THE GLENDINNING Gallery, Utah Arts Council, is a modest venue, more conducive to intimate art displays than the current gutsy exhibit, "Cultural Icon or Not. . ."

With the work of four accomplished Utah artists - Sam Wilson, Fletcher Booth, Alison Marie Perreault and Jacqui Biggs Larson - the gallery demonstrates that, indeed, size is not important. And while their collection of drawings, paintings, prints and mixed media is not always representative of recent work, the exhibit serves to reaffirm their creativity and abilities.In "Cultural Icon or Not. . ." the artists address issues of culture as related to history and traditions, domesticity and intimacy, manipulations and aggressions.

Wilson's drawings of a bald man wearing a big nose/bushy eyebrows/moustache/glasses are an anatomically correct exaggeration of human flesh. They're also extremely humorous. In his artist statement he writes: "Painting and drawing become exercises in curiosity, personal challenge and excessive self-indulgence . . . I am both an art elitist and an over-educated folk artist that tries to craft a semi-precious object that visually entertains an audience while daring anyone to actually buy the damn thing."

Wilson has a masterful touch; he's one of the best draftsmen in the valley.

Booth creates an intimate anarchy in his work. His "Double Date" (mixed media, triptych) is an "X Files" Sunday School lesson. The left and right panels are intentionally messy charcoal sketches, featuring humans and an extraterrestrial. In the left, an alien injects something into the arm of a woman. On the right, two men and a well-endowed female alien sit at a restaurant table. One man is on the verge of committing some heinous act while the other has CPAP headgear (a device used to correct sleep apnea) over his face. The alien seems indifferent to everything, including the large, ornate crucifix on the wall behind them. The centerpiece is a huge, angry male face gritting his teeth.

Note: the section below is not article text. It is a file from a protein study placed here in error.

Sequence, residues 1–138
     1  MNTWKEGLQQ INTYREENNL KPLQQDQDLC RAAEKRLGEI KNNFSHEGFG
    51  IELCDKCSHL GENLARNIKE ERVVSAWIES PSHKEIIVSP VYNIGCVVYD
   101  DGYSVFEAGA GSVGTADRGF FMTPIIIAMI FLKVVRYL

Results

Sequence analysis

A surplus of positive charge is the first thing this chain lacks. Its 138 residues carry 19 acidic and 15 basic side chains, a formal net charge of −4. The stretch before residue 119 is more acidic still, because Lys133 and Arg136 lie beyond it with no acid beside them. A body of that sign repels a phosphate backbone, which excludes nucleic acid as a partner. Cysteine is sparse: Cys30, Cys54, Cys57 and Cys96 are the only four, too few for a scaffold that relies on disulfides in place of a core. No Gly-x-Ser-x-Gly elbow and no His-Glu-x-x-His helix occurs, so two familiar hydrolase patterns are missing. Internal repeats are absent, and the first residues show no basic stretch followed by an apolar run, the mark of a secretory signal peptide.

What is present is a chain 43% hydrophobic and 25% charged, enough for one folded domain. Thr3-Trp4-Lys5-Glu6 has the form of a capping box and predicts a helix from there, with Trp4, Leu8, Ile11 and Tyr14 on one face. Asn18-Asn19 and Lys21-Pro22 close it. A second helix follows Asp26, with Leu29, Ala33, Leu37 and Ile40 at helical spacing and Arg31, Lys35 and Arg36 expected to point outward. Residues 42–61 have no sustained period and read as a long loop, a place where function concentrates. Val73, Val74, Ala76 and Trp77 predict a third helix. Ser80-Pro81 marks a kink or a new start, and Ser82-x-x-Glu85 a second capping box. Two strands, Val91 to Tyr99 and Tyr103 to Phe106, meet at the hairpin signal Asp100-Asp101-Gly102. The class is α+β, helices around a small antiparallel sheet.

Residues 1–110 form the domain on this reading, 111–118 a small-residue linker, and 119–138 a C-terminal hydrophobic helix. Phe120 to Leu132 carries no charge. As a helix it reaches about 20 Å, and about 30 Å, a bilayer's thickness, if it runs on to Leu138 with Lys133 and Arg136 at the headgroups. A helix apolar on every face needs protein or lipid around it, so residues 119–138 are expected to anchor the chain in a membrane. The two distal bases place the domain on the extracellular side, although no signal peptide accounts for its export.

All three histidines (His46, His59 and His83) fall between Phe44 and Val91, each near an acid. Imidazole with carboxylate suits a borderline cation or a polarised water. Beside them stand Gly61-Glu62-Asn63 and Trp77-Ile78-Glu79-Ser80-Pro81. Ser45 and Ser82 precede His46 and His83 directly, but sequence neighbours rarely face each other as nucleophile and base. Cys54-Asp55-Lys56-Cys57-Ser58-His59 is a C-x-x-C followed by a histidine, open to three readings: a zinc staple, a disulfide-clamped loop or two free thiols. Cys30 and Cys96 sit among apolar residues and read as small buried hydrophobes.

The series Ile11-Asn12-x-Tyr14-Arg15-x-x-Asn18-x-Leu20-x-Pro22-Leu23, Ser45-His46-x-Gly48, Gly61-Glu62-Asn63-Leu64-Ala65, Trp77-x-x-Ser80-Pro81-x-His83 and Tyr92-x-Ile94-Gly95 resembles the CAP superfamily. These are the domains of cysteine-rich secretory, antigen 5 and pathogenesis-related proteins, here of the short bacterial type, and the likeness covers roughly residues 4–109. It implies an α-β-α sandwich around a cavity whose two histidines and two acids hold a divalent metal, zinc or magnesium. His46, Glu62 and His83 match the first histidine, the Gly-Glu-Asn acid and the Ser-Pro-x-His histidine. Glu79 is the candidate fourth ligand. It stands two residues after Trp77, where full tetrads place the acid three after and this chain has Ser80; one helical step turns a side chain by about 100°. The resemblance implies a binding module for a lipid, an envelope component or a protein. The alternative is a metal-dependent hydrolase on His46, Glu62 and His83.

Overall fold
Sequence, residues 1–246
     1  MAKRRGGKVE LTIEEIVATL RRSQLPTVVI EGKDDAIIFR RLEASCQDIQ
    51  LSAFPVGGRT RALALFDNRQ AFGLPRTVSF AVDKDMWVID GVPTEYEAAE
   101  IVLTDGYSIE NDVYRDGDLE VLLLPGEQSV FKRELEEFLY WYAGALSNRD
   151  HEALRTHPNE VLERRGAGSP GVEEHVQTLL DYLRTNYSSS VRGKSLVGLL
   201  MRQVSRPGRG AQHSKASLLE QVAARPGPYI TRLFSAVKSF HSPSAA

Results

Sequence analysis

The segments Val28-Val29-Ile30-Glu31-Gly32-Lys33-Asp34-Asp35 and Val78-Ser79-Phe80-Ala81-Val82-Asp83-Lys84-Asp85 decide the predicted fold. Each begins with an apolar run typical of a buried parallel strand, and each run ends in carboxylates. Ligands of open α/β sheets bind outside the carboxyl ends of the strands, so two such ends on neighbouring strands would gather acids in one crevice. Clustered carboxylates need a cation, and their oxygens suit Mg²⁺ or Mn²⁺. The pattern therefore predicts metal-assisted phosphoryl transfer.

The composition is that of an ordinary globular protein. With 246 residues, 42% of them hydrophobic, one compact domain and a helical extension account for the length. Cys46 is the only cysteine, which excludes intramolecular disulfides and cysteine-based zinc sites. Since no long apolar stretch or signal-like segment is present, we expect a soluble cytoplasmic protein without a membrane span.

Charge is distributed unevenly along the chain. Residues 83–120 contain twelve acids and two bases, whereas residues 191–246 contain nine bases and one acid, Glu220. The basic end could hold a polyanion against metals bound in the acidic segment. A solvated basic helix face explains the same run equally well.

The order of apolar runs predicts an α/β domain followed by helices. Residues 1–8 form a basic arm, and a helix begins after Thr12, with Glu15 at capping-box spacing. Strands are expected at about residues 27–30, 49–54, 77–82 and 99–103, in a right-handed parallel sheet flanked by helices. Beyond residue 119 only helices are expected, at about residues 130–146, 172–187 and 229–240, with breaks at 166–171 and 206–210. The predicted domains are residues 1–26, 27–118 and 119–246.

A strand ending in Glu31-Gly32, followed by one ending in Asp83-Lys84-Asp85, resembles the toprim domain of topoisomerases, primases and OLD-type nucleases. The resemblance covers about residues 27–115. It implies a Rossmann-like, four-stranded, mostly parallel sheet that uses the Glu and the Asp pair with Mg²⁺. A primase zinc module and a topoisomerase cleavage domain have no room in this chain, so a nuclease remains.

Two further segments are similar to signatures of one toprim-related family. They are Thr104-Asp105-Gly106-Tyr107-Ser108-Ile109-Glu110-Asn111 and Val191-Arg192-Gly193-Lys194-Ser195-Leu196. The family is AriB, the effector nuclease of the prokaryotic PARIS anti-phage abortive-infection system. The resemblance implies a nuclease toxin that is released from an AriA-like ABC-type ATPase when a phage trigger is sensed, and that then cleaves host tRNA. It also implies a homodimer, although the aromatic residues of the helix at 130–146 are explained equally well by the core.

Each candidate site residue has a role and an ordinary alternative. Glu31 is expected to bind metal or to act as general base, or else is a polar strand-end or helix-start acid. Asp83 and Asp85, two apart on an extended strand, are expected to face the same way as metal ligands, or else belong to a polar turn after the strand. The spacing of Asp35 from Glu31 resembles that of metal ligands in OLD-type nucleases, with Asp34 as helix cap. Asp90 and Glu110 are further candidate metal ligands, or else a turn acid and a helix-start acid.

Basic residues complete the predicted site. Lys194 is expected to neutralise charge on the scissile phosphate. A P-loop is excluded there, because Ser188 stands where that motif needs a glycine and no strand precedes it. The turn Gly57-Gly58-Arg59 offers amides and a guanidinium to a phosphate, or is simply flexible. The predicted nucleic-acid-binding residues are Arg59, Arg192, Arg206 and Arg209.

Looking at "Double Date" is like looking at a car crash: it's hard to turn away from peering at the resulting destruction.

Perreault's woodcuts will be, for many viewers, the highlight of the exhibit. Her "Prayer" and "Embrace" have the clawing power of the woodcuts of Emil Nolde and the German expressionists. The struggling marriage of line and color transfix, coercing one to study every nuance. Perreault's paintings are good, but these woodcuts are better.

In her statement, Perreault writes: "It seems to me that people hunger for intimacy, but fear its connection. Alice Neel said, `The human race wants something they never can get, security.' I am working from a combination of imagination and observation, which parallels my curiosity with people whose connections and separations are made up of inner and outer realities."

Larson currently has her collages in the Salt Lake Art Center's exhibit "A View of 9." Her pieces in "Cultural Icon or Not. . ." are much smaller but no less accomplished. The size forces an intimacy that supports the subject matter.

"In creating personal worlds through collage, I'm drawn to subjects that are part of my own experience: childhood, sisterhood, maternity, belief. Throughout these themes I've brought in opposing conditions. . . I juxtapose or substitute idealized images of women in art with images that question or redefine those forms," Larson writes.

Her pieces are a visual respite from the work of the other three artists. However, they are no less difficult to decipher.

"Cultural Icon or Not. . ." will not travel to other venues, as do many of the exhibits that show at the Glendinning. This is a pity. The exhibit is a powerful example of the idiosyncratic well-executed.

The Glendinning Gallery, 617 E. South Temple, will run the exhibit through July 3. For more information, call 533-5757.




"Cultural Icon or Not...," featuring work by Sam Wilson, Fletcher Booth, Alison Marie Perreault and Jacqui Biggs Larson, will be at the Glendinning Gallery, 617 E. South Temple, through July 3.

Gallery hours:


9 a.m.-5 p.m.